The smaller version of

“The Pittsburgh Steelers:

The Franchise That Destiny Built.”

 

(The 10 Greatest Super Bowl Plays & Moments and The Immaculate Reception!)

 

“Steelers Greatest Plays”

 

Only $49 framed & $4 shipping!

 

 

     This smaller version of “The Pittsburgh Steelers:  The Franchise That Destiny Built” is titled Steelers Greatest Plays and is printed on heavy card stock with an edition size of 1000.  Framed with our classy multi-grooved black frame, it measures 13 5/8 inches high x 19 5/8 inches long and comes fully assembled with glass cover ready to hang or lean.  Again, the cost is only $49 each and there is a one-time discount shipping charge of $4 regardless of how many you order!

     Depicted are the 11 most memorable and significant plays and moments from the unprecedented six Steeler Super Bowl Championships—including, needless to say, The Immaculate Reception.  Moreover, every play and moment is depicted in that area of the field where each actually occurred!  In addition, on the bottom border are portraits of the celebrated principals and their uniform numbers including head coaches Chuck Noll, Bill Cowher and Mike Tomlin—20 in all!  Try finding this many portraits in one print … anywhere!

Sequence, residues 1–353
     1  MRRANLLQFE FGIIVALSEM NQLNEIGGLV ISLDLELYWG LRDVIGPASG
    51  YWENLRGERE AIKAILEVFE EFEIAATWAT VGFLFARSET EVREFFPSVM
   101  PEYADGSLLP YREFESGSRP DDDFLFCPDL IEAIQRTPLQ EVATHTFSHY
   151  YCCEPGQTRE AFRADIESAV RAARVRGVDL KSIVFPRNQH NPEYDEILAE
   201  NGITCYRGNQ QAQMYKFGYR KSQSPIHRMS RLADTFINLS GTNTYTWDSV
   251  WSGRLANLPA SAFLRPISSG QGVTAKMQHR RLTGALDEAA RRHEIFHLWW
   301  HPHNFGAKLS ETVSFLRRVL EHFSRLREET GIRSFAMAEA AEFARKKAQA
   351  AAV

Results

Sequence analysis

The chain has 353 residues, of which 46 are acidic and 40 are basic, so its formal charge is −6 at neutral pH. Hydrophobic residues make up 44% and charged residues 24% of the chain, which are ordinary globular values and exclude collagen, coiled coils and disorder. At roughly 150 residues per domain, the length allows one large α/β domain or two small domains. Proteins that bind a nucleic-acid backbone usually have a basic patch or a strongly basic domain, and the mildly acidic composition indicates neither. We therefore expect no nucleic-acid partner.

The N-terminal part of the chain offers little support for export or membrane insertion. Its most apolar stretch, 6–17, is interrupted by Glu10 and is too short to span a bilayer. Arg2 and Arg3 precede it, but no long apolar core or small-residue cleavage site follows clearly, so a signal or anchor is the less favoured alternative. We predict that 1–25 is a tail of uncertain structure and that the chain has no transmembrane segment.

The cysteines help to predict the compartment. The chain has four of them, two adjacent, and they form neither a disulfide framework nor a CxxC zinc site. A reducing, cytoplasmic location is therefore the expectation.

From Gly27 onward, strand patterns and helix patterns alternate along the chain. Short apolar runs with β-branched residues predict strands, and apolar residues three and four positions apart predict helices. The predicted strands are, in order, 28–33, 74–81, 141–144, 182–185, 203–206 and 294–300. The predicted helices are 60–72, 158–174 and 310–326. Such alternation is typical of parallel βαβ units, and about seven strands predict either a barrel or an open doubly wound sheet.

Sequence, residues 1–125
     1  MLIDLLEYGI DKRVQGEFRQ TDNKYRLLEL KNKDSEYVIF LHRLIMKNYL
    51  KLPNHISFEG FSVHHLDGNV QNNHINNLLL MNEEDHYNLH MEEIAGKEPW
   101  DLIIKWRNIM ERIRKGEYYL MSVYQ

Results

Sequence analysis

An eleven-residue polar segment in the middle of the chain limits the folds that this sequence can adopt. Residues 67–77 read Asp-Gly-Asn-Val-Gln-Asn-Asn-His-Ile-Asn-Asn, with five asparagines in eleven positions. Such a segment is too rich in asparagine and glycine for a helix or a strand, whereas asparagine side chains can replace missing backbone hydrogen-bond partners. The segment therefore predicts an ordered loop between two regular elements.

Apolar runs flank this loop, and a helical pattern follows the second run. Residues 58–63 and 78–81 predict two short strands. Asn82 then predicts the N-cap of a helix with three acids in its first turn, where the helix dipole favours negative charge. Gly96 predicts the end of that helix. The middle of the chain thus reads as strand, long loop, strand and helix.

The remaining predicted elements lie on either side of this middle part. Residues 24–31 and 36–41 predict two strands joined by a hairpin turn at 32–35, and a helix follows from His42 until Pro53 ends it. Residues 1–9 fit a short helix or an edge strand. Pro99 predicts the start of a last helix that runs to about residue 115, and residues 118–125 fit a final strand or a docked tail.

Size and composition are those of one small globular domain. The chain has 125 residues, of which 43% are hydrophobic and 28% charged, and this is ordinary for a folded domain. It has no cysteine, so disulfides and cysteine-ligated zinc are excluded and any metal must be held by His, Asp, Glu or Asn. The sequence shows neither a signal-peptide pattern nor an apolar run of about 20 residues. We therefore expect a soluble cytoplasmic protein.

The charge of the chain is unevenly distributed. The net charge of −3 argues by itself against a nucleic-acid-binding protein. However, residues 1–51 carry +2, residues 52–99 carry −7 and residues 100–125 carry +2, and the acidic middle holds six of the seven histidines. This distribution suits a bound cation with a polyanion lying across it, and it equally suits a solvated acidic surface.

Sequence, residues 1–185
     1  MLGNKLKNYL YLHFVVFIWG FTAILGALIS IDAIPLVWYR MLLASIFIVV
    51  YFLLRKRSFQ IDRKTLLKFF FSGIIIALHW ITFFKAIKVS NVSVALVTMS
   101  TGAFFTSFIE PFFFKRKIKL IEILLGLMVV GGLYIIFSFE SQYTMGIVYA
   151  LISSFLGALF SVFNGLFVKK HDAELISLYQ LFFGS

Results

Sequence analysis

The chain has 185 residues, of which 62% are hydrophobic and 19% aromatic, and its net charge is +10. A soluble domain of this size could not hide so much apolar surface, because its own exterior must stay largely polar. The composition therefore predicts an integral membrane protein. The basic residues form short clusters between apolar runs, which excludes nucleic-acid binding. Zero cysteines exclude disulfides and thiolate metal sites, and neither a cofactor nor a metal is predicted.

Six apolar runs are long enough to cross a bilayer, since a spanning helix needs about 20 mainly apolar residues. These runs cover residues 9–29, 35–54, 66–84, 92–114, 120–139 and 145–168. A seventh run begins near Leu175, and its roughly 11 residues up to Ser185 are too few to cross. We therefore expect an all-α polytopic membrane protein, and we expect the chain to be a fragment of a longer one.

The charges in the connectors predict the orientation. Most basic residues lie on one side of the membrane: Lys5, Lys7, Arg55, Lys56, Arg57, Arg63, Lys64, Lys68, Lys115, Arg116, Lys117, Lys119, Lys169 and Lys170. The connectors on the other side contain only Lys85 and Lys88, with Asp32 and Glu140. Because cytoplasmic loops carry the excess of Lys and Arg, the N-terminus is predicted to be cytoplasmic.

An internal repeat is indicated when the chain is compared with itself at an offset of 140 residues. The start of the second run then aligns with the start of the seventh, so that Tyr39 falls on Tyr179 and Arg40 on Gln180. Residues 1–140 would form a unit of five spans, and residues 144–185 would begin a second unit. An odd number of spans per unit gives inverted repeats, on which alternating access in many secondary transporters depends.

Here is the list of the 20 Steelers:

Ben Roethlisberger #7, Santonio Holmes #10, Terry Bradshaw #12, Rocky Bleier #20, Franco Harris #32, Frenchy Fuqua #33, Willie Parker #39, Jack Lambert #58, Ernie Holmes #63, Alan Faneca #66, L.C. Greenwood #68, Mean Joe Greene #75, Dwight White #78, John Stallworth #82,

Hines Ward #86, Lynn Swann #88, James Harrison #92, Mike Tomlin, Bill Cowher, Chuck Noll.

 

Here is a list of the 11 plays and moments: